Japan’s exports fall most in two years as Asia shipments weaken

February 20, 2019

By Tetsushi Kajimoto

TOKYO (Reuters) – Japan’s exports posted their biggest decline in more than two years in January, adding to concerns about slowing global demand and trade frictions as business confidence softens and orders for the country’s machinery goods fell sharply.

Ministry of Finance data out on Wednesday showed Japan’s exports fell 8.4 percent in the year to January, versus a 5.5 percent annual drop expected by economists in a Reuters poll.

It was the sharpest annual decline since October 2016, and followed a revised 3.9 percent year-on-year drop last December.

The data came after a key gauge of Japanese capital spending showed overseas orders for machinery fell the most in more than a decade in December, and business sentiment soured to a two-year low, as trade friction hampered global supply chain demand.

Global trade has slowed as Washington and Beijing have been locked in a tit-for-tat tariff battle for months, which could have ripple effects on Japan’s export-focused economy.

U.S. President Donald Trump said on Tuesday that trade talks with China in Washington this week were progressing well and suggested he was open to pushing off the deadline to complete negotiations.

Japanese exports to China, Japan’s biggest trading partner, fell 17.4 percent in the year to January. Slowing shipments ahead of Chinese New Year holidays likely helped slow China-bound exports, finance ministry officials said.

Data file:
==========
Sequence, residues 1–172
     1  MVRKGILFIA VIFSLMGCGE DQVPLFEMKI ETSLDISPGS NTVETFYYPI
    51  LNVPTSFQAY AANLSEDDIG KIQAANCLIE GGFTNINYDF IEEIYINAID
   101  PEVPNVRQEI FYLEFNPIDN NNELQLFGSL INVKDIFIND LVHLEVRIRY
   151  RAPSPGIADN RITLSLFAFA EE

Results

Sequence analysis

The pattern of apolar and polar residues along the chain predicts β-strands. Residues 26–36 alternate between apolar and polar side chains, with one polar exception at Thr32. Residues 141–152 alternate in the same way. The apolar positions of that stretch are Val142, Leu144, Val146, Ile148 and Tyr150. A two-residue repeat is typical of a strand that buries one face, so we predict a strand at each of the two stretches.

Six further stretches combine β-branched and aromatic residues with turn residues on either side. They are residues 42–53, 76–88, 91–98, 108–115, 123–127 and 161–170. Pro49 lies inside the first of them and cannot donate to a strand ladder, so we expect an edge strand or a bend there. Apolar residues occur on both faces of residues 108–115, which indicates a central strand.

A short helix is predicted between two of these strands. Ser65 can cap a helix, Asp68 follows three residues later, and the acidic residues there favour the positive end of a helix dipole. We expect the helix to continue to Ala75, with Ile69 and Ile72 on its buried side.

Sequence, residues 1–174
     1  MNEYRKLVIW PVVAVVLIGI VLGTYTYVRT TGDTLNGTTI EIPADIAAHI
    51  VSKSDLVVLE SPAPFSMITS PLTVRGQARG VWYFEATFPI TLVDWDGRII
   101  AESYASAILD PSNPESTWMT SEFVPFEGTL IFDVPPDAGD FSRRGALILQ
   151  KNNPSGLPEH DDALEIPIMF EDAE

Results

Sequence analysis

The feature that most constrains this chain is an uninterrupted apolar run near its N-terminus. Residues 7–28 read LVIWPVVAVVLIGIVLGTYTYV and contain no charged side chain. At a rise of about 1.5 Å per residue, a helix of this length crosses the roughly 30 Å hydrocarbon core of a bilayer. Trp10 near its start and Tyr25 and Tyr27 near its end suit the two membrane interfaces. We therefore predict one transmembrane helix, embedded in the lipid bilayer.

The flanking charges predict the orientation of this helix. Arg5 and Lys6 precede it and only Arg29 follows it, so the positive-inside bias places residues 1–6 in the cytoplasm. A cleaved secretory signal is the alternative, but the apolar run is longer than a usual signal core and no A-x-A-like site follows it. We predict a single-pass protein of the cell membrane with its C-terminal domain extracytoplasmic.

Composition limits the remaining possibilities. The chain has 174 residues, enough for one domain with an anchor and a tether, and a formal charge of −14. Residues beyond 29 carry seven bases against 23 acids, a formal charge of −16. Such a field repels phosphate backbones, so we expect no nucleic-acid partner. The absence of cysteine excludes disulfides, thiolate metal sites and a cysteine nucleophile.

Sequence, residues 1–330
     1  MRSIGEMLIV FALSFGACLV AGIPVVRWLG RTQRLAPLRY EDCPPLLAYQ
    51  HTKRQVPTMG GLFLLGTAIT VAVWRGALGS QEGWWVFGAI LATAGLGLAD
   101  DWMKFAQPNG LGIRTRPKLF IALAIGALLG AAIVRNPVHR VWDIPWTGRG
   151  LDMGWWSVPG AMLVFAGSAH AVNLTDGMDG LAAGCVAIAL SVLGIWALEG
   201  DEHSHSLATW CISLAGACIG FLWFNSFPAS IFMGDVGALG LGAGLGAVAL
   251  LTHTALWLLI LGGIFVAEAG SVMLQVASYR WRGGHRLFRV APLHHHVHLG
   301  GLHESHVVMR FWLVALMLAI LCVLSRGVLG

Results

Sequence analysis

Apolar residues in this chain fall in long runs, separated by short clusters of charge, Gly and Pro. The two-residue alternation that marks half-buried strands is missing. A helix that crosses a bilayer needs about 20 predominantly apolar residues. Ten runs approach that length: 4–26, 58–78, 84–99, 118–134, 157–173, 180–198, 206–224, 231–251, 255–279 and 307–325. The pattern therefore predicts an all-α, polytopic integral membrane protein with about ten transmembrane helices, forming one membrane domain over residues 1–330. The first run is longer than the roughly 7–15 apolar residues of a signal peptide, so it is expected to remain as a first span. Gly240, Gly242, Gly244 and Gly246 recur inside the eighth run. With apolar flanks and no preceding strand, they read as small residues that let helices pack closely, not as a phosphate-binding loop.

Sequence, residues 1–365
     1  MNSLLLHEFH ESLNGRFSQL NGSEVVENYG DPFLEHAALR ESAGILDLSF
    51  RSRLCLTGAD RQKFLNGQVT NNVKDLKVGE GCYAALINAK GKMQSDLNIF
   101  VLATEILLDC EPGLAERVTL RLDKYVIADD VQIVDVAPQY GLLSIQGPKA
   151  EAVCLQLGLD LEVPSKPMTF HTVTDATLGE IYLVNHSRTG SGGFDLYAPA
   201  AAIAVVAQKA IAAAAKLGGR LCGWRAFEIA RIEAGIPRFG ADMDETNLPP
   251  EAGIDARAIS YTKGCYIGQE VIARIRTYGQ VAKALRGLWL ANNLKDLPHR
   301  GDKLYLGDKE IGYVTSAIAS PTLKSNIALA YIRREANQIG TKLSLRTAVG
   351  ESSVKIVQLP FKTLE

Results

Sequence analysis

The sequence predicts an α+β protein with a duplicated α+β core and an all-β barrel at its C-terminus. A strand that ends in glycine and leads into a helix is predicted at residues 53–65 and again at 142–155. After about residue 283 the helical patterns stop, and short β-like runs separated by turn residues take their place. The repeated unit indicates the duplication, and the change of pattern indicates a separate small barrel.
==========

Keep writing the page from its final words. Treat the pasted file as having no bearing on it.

Japan’s shipments to Asia, which account for more than half of overall exports, fell 13.1 percent in January.

U.S.-bound exports rose 6.8 percent in the year to January, led by shipments of cars.

Japan’s imports from the United States rose 7.7 percent in the year to January, led by crude oil. Japan’s trade surplus with the United States rose 5.1 percent to 367.4 billion yen ($3.32 billion). It was the first increase in seven months.

The U.S. Commerce Department sent a report on Sunday to U.S. President Donald Trump that could unleash steep tariffs on imported cars and auto parts.

Imports of Japanese cars make up about two-thirds of Japan’s $69 billion annual trade surplus with the United States, making Tokyo as well as Beijing a target of criticism by Trump.

In January, U.S.-bound auto shipments grew 23.2 percent in January to 139,579 units, the trade data showed.

Japan’s overall imports fell 0.6 percent from a year earlier, a smaller decline than the median estimate for a 2.8 percent decrease.

The trade balance came to a deficit of 1.4152 trillion yen, versus a 1.011 trillion yen shortfall seen by economists.

(Reporting by Tetsushi Kajimoto; Editing by Sam Holmes)

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